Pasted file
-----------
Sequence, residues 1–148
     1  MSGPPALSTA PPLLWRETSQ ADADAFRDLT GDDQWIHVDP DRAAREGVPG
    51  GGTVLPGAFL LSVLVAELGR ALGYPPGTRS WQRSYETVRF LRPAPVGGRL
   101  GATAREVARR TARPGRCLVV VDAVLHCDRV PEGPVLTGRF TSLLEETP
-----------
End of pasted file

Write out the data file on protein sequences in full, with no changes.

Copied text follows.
Sequence, residues 1–148
     1  MSGPPALSTA PPLLWRETSQ ADADAFRDLT GDDQWIHVDP DRAAREGVPG
    51  GGTVLPGAFL LSVLVAELGR ALGYPPGTRS WQRSYETVRF LRPAPVGGRL
   101  GATAREVARR TARPGRCLVV VDAVLHCDRV PEGPVLTGRF TSLLEETP